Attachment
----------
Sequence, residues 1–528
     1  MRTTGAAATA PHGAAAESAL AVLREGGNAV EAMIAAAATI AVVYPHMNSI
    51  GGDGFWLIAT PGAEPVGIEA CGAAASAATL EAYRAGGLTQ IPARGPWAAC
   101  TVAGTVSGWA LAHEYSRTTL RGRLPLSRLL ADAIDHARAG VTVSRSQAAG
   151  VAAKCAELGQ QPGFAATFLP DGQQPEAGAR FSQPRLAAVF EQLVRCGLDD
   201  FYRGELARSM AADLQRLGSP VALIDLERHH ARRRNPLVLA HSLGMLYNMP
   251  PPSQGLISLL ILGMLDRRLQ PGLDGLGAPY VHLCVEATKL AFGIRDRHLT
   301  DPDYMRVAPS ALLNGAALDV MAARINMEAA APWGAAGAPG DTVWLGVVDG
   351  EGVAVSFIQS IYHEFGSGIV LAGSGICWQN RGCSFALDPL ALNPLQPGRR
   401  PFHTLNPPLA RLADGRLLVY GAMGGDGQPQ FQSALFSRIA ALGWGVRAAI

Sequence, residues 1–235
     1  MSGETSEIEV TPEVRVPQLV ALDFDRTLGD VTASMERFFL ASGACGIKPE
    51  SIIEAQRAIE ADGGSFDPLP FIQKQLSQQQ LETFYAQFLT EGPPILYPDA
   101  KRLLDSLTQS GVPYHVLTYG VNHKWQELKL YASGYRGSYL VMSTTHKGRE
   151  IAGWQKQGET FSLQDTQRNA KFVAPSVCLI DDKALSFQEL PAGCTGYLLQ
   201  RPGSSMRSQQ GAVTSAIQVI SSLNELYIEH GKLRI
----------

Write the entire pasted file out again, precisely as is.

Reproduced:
Sequence, residues 1–528
     1  MRTTGAAATA PHGAAAESAL AVLREGGNAV EAMIAAAATI AVVYPHMNSI
    51  GGDGFWLIAT PGAEPVGIEA CGAAASAATL EAYRAGGLTQ IPARGPWAAC
   101  TVAGTVSGWA LAHEYSRTTL RGRLPLSRLL ADAIDHARAG VTVSRSQAAG
   151  VAAKCAELGQ QPGFAATFLP DGQQPEAGAR FSQPRLAAVF EQLVRCGLDD
   201  FYRGELARSM AADLQRLGSP VALIDLERHH ARRRNPLVLA HSLGMLYNMP
   251  PPSQGLISLL ILGMLDRRLQ PGLDGLGAPY VHLCVEATKL AFGIRDRHLT
   301  DPDYMRVAPS ALLNGAALDV MAARINMEAA APWGAAGAPG DTVWLGVVDG
   351  EGVAVSFIQS IYHEFGSGIV LAGSGICWQN RGCSFALDPL ALNPLQPGRR
   401  PFHTLNPPLA RLADGRLLVY GAMGGDGQPQ FQSALFSRIA ALGWGVRAAI

Sequence, residues 1–235
     1  MSGETSEIEV TPEVRVPQLV ALDFDRTLGD VTASMERFFL ASGACGIKPE
    51  SIIEAQRAIE ADGGSFDPLP FIQKQLSQQQ LETFYAQFLT EGPPILYPDA
   101  KRLLDSLTQS GVPYHVLTYG VNHKWQELKL YASGYRGSYL VMSTTHKGRE
   151  IAGWQKQGET FSLQDTQRNA KFVAPSVCLI DDKALSFQEL PAGCTGYLLQ
   201  RPGSSMRSQQ GAVTSAIQVI SSLNELYIEH GKLRI